Source: The Press (New Zealand)
Publication date: 2002-08-03
Arrival time: 2002-08-04
The bizarre religious cult in Waipara that is now in tatters was once a thriving commune, members believing eccentric leader Douglas Metcalf was Jesus Christ.
When enigmatic, self- styled Bishop Douglas Metcalf dropped dead at his Camp David commune in Waipara, aged 68, some of his followers expected he would rise again in three days.
Like good apostles, they kept a 24-hour vigil over his body that lay in state at the cult’s headquarters in June 1989, watching for any signs of his resurrection.
Overhead clouds that gathered into a skull-like formation caused a flurry of excitement, but there was
no second coming of the charismatic man many took for Jesus Christ.
His successor and son-in-law Daryl Metcalf Williams carried on Metcalf’s teachings, preaching that his father-in- law would return to Earth before the year 2000.
That prophecy never eventuated either. By the turn of the century the commune founded by Metcalf, first, in Eureka Street, Aranui, and then on a Waipara farm in 1974, had all but collapsed.
The Full Gospel Mission, or God Squad as it became known, survived a blaze of publicity, following a police raid on the camp and members’ homes, which seized more than 150 weapons in 1977. It weathered the scorn of a rattled Waipara community, which feared a Waco-style siege was nigh, and a second police raid a decade on.
But its foundations collapsed six years ago during Williams’s stormy reign, when news emerged among disgruntled followers that the revered Metcalf was an adulterer who had slept with many women members.
Now a large group of 68 former members is battling a trust, headed by the latest leader Garry Love, to sell the 38-hectare property, worth $801,000, and gift the proceeds to charity.
How did Metcalf, with his passion for pageantry, pomp, and ceremony, dupe so many people into surrendering absolute power to him? What was life like behind Camp David’s fortress-like white walls for his dedicated band of followers?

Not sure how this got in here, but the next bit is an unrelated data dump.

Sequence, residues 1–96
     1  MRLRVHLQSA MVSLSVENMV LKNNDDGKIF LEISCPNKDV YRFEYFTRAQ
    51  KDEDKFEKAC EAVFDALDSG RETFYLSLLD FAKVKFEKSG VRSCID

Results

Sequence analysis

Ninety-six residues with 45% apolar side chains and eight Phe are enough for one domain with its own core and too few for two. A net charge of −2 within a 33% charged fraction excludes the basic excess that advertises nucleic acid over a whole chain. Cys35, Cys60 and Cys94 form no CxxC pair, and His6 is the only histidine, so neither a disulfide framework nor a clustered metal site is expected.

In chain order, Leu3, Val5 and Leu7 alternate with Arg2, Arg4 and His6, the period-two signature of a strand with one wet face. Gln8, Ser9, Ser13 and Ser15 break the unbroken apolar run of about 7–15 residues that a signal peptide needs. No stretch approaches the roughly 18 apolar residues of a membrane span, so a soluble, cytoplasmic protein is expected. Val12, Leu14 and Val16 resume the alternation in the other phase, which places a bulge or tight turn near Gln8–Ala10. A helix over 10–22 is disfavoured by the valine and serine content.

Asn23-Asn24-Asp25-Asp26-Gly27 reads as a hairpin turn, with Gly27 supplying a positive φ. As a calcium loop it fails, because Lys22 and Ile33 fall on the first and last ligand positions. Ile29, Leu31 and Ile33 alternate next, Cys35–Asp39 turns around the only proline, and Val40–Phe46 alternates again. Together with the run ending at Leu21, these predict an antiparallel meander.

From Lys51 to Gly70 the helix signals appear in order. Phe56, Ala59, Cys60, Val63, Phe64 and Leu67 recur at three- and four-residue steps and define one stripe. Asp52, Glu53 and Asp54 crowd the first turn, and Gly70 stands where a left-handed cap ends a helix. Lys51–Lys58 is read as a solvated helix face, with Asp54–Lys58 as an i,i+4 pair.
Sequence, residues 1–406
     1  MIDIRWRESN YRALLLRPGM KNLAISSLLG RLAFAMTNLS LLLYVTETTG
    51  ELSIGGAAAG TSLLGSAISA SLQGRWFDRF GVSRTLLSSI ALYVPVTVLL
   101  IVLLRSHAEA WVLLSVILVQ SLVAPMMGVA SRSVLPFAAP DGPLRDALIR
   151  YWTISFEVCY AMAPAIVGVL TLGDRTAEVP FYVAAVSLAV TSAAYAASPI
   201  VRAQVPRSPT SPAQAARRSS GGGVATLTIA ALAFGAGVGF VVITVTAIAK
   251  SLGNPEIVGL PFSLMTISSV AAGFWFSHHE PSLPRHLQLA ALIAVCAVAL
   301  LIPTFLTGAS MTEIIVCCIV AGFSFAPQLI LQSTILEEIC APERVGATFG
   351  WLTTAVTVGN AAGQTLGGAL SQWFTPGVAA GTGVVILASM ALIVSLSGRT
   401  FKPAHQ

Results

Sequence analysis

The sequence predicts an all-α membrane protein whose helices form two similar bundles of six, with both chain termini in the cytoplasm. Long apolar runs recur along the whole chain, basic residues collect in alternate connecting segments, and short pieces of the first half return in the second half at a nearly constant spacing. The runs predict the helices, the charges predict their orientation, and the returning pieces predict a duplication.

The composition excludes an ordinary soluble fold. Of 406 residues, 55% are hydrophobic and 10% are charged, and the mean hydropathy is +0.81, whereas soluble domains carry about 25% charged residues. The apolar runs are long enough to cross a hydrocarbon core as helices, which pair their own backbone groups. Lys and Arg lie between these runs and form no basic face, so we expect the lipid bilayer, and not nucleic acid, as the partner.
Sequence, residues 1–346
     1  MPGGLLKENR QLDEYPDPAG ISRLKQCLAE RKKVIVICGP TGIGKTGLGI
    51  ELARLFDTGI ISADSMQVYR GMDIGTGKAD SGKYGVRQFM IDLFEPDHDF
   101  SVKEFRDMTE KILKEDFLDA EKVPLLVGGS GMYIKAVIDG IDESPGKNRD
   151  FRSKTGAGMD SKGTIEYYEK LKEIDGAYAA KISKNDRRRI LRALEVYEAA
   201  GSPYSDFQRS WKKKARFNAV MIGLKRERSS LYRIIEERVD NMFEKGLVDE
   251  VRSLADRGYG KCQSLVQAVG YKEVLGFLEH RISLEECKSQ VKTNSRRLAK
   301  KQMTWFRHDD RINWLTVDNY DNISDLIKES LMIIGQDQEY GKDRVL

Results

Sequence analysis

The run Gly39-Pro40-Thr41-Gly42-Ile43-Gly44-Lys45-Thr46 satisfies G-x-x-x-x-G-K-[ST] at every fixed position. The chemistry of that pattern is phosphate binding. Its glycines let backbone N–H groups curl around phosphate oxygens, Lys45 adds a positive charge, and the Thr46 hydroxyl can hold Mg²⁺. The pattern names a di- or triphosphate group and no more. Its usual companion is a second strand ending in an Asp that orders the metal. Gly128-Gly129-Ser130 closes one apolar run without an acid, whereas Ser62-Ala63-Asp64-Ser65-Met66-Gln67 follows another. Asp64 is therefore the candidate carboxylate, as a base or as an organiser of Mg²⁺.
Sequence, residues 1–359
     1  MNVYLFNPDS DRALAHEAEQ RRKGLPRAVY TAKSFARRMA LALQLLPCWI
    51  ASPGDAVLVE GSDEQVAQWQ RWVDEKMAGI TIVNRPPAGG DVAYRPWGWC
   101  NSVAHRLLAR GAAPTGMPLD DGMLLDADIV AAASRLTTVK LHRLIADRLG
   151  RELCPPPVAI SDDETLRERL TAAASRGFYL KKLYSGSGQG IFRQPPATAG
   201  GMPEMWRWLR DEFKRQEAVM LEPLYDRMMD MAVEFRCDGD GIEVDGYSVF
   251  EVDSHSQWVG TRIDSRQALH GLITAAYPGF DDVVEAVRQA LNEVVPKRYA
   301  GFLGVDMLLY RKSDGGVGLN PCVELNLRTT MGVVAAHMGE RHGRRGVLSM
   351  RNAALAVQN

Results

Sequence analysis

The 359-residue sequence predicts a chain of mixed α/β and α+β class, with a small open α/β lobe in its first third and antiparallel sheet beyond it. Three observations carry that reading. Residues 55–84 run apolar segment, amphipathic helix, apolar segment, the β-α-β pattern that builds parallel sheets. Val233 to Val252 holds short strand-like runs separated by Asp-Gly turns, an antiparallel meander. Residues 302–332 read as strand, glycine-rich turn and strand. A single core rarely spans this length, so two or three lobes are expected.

From the six-bedroom home shared with his extended family, Metcalf lorded over his people in grand style. He was heralded by robed priests blowing on wild rams’ horns imported from Jericho at one notable festival, and his minions would spend days hand- stitching the royal regalia he wore.
While followers lived a subsistence lifestyle off the land, Metcalf’s minders would call over the two-way radio system for someone to pick up whipped cream for their strawberries.
Many devotees worked outside the farm, bringing in a healthy income which would bankroll Metcalf’s projects and regular trips to the Middle East. They would toil on the farm after work and attend marathon scripture meetings that stretched well into the night.
Former members say the community had an elite, trained commando unit, known as the Special Services Group, armed with the latest military equipment, including semi- automatic weapons.
Men were told to spend any spare money they had on stockpiling guns and ammunition.
Many converts found they had to forsake their real families when they joined the community.
Women were not allowed out to work and had to adhere to a strict dress code. As well as raising a family, Marie milked 10 goats twice a day, made cream and cheese, spun wool from the farm’s sheep, and cooked for the workers on two coal ranges.